Of the site work that I did during this time, I really enjoyed the power supply that we installed for critical systems, like medical facilities, laboratories, and the aviation industry. These guys use finely calibrated electronic equipment and the slightest interference in the electrical supply would deliver false information. When the equipment that you use is literally a matter of life and death, accuracy is of the highest importance. This meant using double conversion inverters with less than 1% THD and perfectly stable ground connections. All this technical jargon might be too much information for some. But this is what I found challenging. Basically, we supplied the cleanest, purest electricity that modern technology can deliver. The end result is that the equipment has to be accurate to within 0.001%.
As advanced as my technical training was, I feel that it is my hobbies that make me most suited to the job that I now do – which mostly entails writing articles about tools, machinery, and mechanics. I have a lifelong passion for restoring and fixing old cars, as well as building projects. Between these two interests, I have used just about every tool ever invented. Building projects require all types of saws, angle grinders, power cutters and power drills of every description. Though it’s with the cars that I have done the most intricate work. I like to think of myself as an amateur engineer. Though I must stress the word amateur. I learned mechanics by trial and error. Believe me, there were a lot of errors, especially in the early years. I started fixing cars when I was 16.
Forgive my indulgence, but I would like to share two of the car rebuilding projects with you. These two vehicles will remain in my memory as the most beautiful things I’ve ever done. The first was a Ford Capri. Not many people reading this will know the Capri. It was Britain’s answer to the Ford Mustang. Just as beautiful, to my mind, even more beautiful. It didn’t have that all-American muscle car image though. The Capri came out with small engines, starting with 1.6L, 4-cylinder screamer, a 2L 4-cycliner, and 2.5L V6, which was later upgraded to a 2.8L V6. I had the 1.6L version which was a fantastic car, a typical boy-racer as the British call it.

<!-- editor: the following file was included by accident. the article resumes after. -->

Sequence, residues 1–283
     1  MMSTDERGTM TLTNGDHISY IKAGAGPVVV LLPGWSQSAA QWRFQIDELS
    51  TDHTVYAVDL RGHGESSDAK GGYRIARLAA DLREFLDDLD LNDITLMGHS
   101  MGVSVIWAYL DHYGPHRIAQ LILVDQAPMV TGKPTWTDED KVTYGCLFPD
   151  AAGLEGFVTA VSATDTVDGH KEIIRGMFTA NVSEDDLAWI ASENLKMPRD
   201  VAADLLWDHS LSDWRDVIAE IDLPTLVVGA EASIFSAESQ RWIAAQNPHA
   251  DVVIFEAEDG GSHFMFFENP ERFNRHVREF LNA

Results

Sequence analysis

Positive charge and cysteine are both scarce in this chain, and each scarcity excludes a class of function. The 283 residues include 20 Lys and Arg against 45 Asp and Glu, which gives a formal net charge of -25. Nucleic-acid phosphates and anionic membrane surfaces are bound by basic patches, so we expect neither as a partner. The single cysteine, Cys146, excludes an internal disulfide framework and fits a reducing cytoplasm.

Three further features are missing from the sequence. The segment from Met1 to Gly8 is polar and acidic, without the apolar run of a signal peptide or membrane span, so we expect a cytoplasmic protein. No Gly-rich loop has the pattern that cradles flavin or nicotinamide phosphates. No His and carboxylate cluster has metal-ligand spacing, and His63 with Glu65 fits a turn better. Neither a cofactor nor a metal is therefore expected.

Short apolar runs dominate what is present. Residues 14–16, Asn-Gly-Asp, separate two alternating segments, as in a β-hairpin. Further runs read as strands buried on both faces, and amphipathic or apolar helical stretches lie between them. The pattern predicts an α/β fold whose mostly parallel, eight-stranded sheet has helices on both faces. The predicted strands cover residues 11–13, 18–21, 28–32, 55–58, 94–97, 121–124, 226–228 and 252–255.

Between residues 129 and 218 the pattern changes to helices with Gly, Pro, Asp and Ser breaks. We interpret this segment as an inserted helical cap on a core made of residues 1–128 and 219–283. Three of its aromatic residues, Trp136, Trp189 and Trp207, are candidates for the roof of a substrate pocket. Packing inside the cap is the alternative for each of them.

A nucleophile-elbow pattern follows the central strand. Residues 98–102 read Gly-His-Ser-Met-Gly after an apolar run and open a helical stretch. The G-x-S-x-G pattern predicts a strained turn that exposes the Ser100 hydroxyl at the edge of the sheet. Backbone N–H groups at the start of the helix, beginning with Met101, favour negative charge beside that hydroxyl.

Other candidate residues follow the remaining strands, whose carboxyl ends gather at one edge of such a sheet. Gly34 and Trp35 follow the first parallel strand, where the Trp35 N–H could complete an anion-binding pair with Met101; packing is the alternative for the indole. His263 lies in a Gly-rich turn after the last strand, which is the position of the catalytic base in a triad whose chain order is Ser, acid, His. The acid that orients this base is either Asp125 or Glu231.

The Ford Capri was my first full car restoration project. I took it very seriously and rebuilt the car completely to the original specifications. I only made one exception, changing the carburetor to a side-draft Weber. This added quite bit more horse power to the small engine. The superbly geared transmission and diff, did the rest. That car wasn’t slow for a small 1.6 designed in the 1960s.
My second great project was a 1977 VW T2 van. The Germans called it the Kombi, my friends called it the Hippy Wagon. This car was significant to me, because I did some major modifications and re-engineering. Like I said earlier, I’m not real engineer, but give me an angle grinder, bench grinder, welder, and a lathe, and I’ll probably be able to fabricate any part you need.
My first attempt with the VW modification was to change the old air cooled engine to a water cooled Toyota engine. This was the 4-cylinder used in the Toyota pickup of the time. This engine was ultimately reliable and provided quite a bit more torque than the old VW “boxer” engine. But it seriously lacked the wow factor.
So I moved on to the Audi 5-cyliner 2.2L engine. I had already fitted the water cooling system. So all I had to do to mount the Audi engine, was to cut and weld a new engine mounting strut. I also had to modify the clutch bell-housing for a second time. By now I was quite proficient at measuring and cutting for the old V-Dub. I’d also become an expert at removing the engine by myself. Those old Volkswagen’s were designed for easy engine removal. You just had to jack the car up high enough to drop the engine out the bottom. With a few jacks and ratchet ties, I could get that engine out in about half an hour, without any assistance.
That Audi engine did the trick. Along with the BMW 3.0L, it must be my all-time favorite engine. The BMW was a 6-cyclinder engine with a larger (3-liter) capacity than the 5-cylinder Audi. Both engines were designed in the 1970’s and had a common trait that was unique for the time. The engine was angled at about 12%, so the pistons weren’t perpendicular to the crankshaft. I’m too sure what this means in terms of mechanical engineering. But both these engines were incredibly powerful (and reliable). Audi kept using that engine, in various formats, for over 3-decades.